When you’re not pursuing the mysteries of the main story, various activities can be found around Tokyo for you to engage with. These range from standard collectibles to proper side quests. When I say collectibles, I mean a literal army of spirits littering the map for you to save alongside a handful of others like shrines. These spirits are those people that have vanished, and they need you to collect them and send them out of the city via phone booths scattered around. Doing so grants you experience and money to spend on items and consumables. You constantly come across spirits while just going through the game, but for completionists, I really do pity you, as there is just too much, and it gets boring fast.

The side quests vary from the mundane, to actual really cool. They can tell pretty fascinating and often heartbreaking tales. A few in particular really stand out, including one that genuinely creeped me out. I won’t spoil it. However, one issue I did have is that some quests will follow up an interesting story with a boss/enemy that you’ve fought plenty of times before. You’d think the developers would want to really distinguish these quests. For example, I went through this location, learning about this particularly horrible entity. When I finally got to the end and encountered it, it was one I’d fought a bunch of times already. It’s anticlimactic to say the least.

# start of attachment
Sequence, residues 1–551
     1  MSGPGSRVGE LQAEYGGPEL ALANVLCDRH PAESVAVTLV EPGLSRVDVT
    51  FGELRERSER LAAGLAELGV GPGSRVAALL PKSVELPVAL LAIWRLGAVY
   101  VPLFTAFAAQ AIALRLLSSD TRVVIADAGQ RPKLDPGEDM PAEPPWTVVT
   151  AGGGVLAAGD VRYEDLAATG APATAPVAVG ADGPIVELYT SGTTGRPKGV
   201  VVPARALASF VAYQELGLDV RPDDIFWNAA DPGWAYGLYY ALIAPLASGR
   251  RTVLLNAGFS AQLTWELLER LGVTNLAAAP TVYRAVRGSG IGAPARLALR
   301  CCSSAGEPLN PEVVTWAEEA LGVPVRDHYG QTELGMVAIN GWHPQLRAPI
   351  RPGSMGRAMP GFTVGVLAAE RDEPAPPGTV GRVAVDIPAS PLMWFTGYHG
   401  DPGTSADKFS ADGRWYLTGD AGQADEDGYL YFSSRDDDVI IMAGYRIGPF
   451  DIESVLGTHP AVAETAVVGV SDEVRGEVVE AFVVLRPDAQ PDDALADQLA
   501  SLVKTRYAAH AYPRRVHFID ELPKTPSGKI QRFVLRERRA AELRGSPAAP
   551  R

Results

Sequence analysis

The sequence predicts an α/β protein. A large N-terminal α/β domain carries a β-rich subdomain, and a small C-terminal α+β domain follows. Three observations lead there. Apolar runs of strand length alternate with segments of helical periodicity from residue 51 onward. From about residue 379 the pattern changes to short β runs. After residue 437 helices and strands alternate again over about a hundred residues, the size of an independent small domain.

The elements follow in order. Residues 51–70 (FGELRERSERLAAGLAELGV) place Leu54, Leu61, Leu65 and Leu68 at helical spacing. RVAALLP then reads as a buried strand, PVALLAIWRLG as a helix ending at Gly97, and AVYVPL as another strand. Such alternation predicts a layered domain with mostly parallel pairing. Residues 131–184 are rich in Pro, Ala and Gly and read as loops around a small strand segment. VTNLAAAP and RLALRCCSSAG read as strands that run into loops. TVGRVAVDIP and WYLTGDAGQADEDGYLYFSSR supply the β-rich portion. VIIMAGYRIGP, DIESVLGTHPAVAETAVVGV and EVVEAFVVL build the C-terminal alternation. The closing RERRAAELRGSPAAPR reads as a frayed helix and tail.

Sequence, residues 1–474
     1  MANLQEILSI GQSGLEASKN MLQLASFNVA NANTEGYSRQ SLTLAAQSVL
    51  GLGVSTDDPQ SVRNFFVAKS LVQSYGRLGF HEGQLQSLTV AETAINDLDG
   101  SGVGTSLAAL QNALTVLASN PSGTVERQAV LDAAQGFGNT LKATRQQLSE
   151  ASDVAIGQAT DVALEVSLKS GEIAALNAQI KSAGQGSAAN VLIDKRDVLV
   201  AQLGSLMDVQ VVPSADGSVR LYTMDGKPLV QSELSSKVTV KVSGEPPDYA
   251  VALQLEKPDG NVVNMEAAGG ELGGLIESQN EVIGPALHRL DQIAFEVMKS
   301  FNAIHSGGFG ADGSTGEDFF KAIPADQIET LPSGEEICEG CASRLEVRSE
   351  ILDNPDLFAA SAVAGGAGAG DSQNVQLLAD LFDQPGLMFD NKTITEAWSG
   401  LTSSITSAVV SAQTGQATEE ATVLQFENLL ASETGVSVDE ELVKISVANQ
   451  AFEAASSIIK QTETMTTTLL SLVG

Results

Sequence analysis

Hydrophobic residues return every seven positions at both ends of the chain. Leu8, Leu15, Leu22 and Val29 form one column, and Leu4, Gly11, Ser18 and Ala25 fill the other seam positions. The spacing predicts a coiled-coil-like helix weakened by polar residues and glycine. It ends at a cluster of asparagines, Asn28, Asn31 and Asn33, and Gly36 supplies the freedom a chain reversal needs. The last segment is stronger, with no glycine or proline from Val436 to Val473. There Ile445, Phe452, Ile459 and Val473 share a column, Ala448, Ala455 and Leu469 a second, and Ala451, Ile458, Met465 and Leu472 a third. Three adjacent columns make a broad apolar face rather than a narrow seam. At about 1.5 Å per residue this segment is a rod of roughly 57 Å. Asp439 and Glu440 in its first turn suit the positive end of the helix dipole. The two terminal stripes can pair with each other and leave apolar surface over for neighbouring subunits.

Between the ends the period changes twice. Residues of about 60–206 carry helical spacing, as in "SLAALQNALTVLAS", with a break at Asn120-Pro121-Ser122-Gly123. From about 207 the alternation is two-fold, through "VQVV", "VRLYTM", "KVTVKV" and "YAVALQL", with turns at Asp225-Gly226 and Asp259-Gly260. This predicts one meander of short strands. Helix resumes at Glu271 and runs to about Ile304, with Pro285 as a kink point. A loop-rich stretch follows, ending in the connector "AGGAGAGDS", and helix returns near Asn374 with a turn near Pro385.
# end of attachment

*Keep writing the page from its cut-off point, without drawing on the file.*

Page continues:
Combat plays a significant role in Ghostwire: Tokyo, as you’ll be crossing paths with deadly beings on the regular. As a result of the bond with KK, you’ll be able to wield elemental powers in satisfying fashion. The different elements also carry benefits for different situations. Wind is rapid-fire projectiles that’s great for long range. Water strikes in an arc, perfect for managing close range groups. Fire explodes on impact, perfect for powerful foes and large groups at a distance. Quickly alternating between them is key.

Let me just say, the first-person perspective makes all the difference in making the combat all the more impactful. The snappy hand signs that Akito makes to use his powers are so satisfying. Furthermore, as you level up and gain skill points, you’re able to upgrade your powers for more depth, as well as other passive traits. It’s these aspects that I really love about the combat, however, a handful of other issues hold it back.

First of all, the controls aren’t responsive enough for such an action-heavy title. It just always feels sluggish and awkward. Even after changing a number of settings, it doesn’t fix the problem entirely. Lack of enemy variety also stands out quite a bit in my experience. You’ll find yourself fighting the same, small number of enemy types frequently. It gets tiresome fairly quickly, especially as their A.I. is quite basic. All things considered though, despite the issues I have, I can’t deny the combat has its underlying quality.